In Defence of Agnostic Atheism


I am compelled to write this article after an atheist friend of mine said that:

i think agnostics are a bunch of people that have been brainwashed too much by religion. they cant help but think theres’s a god somewhere

Although he is my friend, I must admit that such a statement is ignorant to an inexcusable degree, especially coming from a person who actively participates in rational undertakings against religion.

To make my point, let us first consider “agnostic” as it appears in the layman’s nomenclature; as some sort of mutually exclusive middle-ground between atheism and theism — as if such a definition were in anyway faithful to itself; Thomas Huxley who coined the term “agnostic” had written:

So I took thought, and invented what I conceived to be the appropriate title of “agnostic.” It came into my head as suggestively antithetic to the “gnostic” of Church history, who professed to know so much about the very things of which I was ignorant…
Agnosticism is not a creed but a method, the essence of which lies in the vigorous application of a single principle… Positively the principle may be expressed as in matters of intellect, do not pretend conclusions are certain that are not demonstrated or demonstrable.

This word “agnostic” is thus merely a claim of knowledge (or acknowledgement of the lack thereof), and by no means does it represent any position on an incorrectly-perceived spectrum of belief in god; one either believes or he doesn’t. Also revisit the history of atheism to find out why this definition of atheism is favourable.

It is a fair argument to be made that “agnostic” is more faithful to its meaning when it appears as an adjective, because “agnostic” does not in itself describe the belief, rather the nature of it.  For instance, agnostic atheism is atheism without the need to posit the claim “God definitely does not exist”.  Now, if only I knew why an agnostic atheist should be considered “brainwashed too much by religion”, we wouldn’t be having this discussion.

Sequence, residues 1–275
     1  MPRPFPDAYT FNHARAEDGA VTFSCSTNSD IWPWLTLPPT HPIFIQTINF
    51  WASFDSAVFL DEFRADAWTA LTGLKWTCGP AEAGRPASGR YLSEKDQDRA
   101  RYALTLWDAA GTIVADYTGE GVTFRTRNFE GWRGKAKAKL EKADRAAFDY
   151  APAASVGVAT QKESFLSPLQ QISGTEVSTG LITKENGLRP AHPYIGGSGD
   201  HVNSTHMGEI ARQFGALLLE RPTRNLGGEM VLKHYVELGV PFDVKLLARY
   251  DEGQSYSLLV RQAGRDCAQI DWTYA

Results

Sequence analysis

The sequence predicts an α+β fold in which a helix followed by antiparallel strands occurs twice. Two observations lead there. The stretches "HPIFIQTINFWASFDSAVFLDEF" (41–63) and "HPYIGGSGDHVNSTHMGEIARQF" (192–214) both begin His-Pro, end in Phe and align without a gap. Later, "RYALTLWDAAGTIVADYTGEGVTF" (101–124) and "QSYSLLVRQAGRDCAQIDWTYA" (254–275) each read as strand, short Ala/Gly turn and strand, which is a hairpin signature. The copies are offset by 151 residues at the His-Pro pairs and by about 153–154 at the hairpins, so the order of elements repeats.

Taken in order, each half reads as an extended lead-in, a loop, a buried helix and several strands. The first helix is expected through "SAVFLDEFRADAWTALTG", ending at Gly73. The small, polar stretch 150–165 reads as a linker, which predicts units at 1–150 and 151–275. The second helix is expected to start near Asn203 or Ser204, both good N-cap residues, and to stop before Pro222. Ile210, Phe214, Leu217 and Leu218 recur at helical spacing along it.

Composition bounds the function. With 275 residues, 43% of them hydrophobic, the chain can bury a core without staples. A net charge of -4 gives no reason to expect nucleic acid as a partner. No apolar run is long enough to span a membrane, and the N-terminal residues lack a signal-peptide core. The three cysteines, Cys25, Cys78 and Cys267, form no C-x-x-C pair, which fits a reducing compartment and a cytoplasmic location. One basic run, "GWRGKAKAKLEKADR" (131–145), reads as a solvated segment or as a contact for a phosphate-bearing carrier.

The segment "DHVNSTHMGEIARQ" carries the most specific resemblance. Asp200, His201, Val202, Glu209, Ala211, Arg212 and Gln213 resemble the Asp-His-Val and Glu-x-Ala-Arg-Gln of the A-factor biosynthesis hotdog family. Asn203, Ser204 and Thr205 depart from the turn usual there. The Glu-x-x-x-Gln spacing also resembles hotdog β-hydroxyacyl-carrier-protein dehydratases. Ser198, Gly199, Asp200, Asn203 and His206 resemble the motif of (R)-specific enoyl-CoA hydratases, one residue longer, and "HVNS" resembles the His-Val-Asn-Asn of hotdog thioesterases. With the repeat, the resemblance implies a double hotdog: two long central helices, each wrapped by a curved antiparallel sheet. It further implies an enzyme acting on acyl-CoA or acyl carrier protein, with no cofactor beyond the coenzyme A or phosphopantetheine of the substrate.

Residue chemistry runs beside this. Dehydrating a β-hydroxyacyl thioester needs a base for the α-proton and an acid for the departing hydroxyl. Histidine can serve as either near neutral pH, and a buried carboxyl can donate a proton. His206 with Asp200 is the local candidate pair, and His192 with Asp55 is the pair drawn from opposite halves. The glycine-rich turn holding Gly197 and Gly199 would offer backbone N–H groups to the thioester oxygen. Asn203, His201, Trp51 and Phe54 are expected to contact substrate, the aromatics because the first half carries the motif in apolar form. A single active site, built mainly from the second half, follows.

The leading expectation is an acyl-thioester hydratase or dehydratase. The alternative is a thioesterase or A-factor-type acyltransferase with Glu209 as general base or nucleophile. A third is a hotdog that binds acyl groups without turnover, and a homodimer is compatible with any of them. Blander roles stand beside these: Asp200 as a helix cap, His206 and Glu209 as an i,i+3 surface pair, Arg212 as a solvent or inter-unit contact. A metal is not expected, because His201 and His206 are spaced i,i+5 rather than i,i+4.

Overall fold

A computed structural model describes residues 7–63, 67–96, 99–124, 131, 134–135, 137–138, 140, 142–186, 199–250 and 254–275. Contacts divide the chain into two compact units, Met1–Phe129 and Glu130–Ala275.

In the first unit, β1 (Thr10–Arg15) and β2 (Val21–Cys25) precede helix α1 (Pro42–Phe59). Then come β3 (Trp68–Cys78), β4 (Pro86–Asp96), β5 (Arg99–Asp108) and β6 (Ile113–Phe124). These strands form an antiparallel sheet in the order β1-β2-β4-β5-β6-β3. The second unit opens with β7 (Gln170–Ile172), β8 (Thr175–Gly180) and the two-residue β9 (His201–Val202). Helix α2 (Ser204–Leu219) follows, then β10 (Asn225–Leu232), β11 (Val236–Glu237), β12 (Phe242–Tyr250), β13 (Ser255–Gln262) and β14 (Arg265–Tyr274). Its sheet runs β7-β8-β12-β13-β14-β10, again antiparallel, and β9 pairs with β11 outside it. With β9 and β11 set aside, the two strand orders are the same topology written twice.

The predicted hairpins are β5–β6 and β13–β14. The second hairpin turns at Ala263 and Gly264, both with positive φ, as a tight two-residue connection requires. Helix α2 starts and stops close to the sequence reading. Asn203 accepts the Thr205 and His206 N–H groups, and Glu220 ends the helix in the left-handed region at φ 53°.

Where the term “god” is defined in such a way that it becomes logically disprovable, positive or strong atheism is in luck. However, the definition problem does not in any way discredit the agnostic-atheist position.  In fact, it might even be that the majority of atheists are agnostic to varying extents. Many of us are agnostic to most things. To apply the classic example, I do not believe in a celestial teapot, nor do I claim to have the wisdom of being able to disprove it, but at least I agree that its existence is most improbable — and so I am an agnostic a-teapotist in that respect. Strong atheism is a bonus; the common definition(s) of god just happens to be logically doubtful.

I close with an invitation for everyone to be agnostic at least to certain levels, theist or atheist, UFOist or a-UFOist, unicornist or a-unicornist.  I think skepticism and agnosticism go well together. Who knows, it might even be that one stems from the other.

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